Project description:Food-borne methicillin resistant Staphylococcus aureus (MRSA) is involved in two-fold higher mortality rate compared to methicillin susceptible S. aureus (MSSA). Eventhough Mysuru recognized as cleanest city in the world, prevalence of food contamination is not detailed. The aim is to screen food samples from Mysuru area and to characterize MRSA strain, employing MALDI-Biotyper, multiplex PCR to distinguish between MRSA and MSSA by PCR-coupled single strand conformation polymorphism (PCR-SSCP). Of all the food-borne pathogens, S. aureus contamination accounts for 94.37?±?0.02% (P?<?0.01), strains characterized by means of nuc genes, followed by species specific identification by Coa, Eap and SpA genes and multiplex PCR to confirm the presence of three methicillin resistant staphylococcal species simultaneously using nuc and phoP genes. Amplification of mecA gene in 159 isolates confirmed that all strains are methicillin resistant, except UOM160 (MSSA) and multi-drug resistant (MDR) in 159 isolates confirmed by 22 sets of ?-lactam antibiotics. MSSA and MDR-MRSA were discriminated by PCR-SSCP using nuc gene for the first time. From the present studies, compared to conventional methods MALDI-Biotyper emerged as an effective, sensitive (>99%), robust (<2?min), and alternative tool for pathogen identification, and we developed a PCR-SSCP technique for rapid detection of MSSA and MRSA strains.
Project description:Methicillin-resistant Staphylococcus aureus (MRSA) is a serious pathogen in clinical settings and early detection is critical. Here, we investigated the MRSA discrimination potential of matrix-assisted laser desorption ionization time-of-flight mass spectrometry (MALDI-TOF MS) using 320 clinical S. aureus isolates obtained in 2005-2014 and 181 isolates obtained in 2018. We conducted polymerase chain reactions (PCR) for staphylococcal cassette chromosome mec (SCCmec) typing and MALDI-TOF MS to find specific markers for methicillin resistance. We identified 21 peaks with significant differences between MRSA and methicillin-susceptible S. aureus (MSSA), as determined by mecA and SCCmec types. Each specific peak was sufficient to discriminate MRSA. We developed two methods for simple discrimination according to these peaks. First, a decision tree for MRSA based on six MRSA-specific peaks, three MSSA-specific peaks, and two SCCmec type IV peaks showed a sensitivity of 96.5%. Second, simple discrimination based on four MRSA-specific peaks and one MSSA peak had a maximum sensitivity of 88.3%. The decision tree applied to 181 S. aureus isolates from 2018 had a sensitivity of 87.6%. In conclusion, we used specific peaks to develop sensitive MRSA identification methods. This rapid and easy MALDI-TOF MS approach can improve patient management.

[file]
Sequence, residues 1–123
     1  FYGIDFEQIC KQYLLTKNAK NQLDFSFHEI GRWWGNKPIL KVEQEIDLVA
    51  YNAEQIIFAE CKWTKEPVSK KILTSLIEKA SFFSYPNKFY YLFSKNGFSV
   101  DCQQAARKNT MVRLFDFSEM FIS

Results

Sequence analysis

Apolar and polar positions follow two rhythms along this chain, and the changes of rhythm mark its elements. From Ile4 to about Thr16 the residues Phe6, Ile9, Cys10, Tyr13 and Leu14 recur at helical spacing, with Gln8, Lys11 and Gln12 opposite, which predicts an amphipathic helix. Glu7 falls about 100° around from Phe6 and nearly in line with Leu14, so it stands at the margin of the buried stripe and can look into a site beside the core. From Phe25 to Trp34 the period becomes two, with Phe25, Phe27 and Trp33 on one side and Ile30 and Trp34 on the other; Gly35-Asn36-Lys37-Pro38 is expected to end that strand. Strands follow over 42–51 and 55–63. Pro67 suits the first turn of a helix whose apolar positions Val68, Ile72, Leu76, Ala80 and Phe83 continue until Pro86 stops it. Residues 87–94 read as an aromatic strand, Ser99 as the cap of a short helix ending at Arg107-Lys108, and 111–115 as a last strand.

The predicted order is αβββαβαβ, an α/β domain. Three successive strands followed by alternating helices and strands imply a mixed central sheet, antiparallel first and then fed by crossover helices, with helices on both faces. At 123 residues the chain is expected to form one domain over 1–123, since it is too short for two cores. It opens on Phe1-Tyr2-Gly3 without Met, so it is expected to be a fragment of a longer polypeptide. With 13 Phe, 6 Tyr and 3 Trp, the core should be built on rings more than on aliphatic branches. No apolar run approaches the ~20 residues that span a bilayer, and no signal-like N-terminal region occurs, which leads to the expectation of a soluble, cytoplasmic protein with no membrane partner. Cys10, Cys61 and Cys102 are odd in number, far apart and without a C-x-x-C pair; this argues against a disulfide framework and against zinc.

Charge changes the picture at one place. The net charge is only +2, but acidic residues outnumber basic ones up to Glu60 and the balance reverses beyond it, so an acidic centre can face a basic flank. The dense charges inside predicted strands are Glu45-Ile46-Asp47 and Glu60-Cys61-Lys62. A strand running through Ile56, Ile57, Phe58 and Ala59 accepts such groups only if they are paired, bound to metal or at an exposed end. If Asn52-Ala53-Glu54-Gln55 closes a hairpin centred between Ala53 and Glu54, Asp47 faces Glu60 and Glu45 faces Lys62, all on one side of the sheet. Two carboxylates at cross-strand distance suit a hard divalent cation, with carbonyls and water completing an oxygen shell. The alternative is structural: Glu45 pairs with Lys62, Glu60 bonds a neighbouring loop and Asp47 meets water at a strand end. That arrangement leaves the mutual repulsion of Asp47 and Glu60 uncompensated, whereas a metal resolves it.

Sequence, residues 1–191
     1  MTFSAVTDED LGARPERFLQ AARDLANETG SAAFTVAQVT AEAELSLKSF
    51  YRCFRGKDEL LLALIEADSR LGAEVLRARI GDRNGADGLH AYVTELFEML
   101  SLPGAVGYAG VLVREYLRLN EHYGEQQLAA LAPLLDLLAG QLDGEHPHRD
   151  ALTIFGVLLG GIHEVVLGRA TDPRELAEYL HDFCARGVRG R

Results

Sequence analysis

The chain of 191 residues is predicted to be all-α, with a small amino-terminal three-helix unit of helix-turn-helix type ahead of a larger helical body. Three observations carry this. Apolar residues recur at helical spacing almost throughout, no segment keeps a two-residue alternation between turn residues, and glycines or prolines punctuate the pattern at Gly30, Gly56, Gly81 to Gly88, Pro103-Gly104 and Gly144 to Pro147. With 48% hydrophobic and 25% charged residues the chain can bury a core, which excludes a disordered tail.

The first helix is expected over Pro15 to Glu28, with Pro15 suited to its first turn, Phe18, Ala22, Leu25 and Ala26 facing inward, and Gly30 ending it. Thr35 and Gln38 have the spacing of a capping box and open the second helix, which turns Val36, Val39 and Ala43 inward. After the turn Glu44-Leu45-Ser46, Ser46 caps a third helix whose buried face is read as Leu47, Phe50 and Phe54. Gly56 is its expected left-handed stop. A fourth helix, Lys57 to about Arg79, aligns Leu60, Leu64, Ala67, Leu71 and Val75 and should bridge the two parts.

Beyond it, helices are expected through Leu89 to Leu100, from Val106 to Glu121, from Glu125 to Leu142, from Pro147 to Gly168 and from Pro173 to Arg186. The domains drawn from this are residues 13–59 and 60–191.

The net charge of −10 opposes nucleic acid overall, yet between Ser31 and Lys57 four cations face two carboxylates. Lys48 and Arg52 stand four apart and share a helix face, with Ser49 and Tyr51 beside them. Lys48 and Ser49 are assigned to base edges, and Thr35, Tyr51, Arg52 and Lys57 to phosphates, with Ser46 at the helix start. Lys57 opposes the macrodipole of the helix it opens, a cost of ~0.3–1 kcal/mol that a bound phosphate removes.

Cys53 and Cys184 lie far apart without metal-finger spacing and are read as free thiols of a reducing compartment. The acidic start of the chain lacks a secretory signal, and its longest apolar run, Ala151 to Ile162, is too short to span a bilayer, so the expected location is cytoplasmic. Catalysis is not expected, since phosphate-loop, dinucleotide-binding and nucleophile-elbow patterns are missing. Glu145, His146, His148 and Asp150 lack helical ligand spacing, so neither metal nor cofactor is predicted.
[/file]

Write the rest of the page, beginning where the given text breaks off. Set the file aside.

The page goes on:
Project description:Staphylococcus aureus is a main cause of bovine mastitis and a major pathogen affecting human health. The emergence and spread of methicillin-resistant Staphylococcus aureus (MRSA) has become a significant concern for both animal health and public health. This study investigated the incidence of MRSA in milk samples collected from dairy cows with clinical mastitis and characterized the MRSA isolates using antimicrobial susceptibility tests and genetic typing methods. In total, 103 S. aureus isolates were obtained from dairy farms in 4 different provinces in China, including Gansu, Shanghai, Sichuan, and Guizhou. Antimicrobial susceptibility testing of these isolates revealed that the resistance rates to penicillin and sulfamethoxazole were high, while the resistance rates to ciprofloxacin and vancomycin were low. Among the 103 isolates, 49 (47.6%) were found to be mecA-positive, indicating the high incidence of MRSA. However, 37 of the 49 mecA-positive isolates were susceptible to oxacillin as determined by antimicrobial susceptibility assays and were thus classified as oxacillin-susceptible mecA-positive S. aureus (OS-MRSA). These isolates could be misclassified as methicillin susceptible Staphylococcus aureus (MSSA) if genetic detection of mecA was not performed. Molecular characterization of selected mecA-positive isolates showed that they were all negative with Panton-Valentine leukocidin (PVL), but belonged to different spa types and SCCmec types. These results indicate that OS-MRSA is common in bovine mastitis in China and underscore the need for genetic methods (in addition to phenotypic tests) to accurately identify MRSA.